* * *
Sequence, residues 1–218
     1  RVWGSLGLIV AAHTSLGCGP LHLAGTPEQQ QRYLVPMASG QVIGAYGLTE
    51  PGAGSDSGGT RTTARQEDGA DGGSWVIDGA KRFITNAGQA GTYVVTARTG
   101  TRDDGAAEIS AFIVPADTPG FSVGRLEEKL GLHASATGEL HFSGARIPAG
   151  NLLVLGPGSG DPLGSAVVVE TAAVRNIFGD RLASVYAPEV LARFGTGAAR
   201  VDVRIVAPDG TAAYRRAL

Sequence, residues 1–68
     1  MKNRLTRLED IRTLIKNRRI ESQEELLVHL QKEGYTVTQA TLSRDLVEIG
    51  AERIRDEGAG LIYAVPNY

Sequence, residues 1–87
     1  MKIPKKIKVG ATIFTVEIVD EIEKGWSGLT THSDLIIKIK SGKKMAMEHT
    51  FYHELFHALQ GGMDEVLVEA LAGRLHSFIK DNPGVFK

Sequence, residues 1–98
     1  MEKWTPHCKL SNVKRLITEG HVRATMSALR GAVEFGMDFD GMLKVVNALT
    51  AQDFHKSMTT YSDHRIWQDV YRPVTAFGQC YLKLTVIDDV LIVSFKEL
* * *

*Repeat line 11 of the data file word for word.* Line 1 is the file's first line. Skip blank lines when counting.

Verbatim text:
     1  MKIPKKIKVG ATIFTVEIVD EIEKGWSGLT THSDLIIKIK SGKKMAMEHT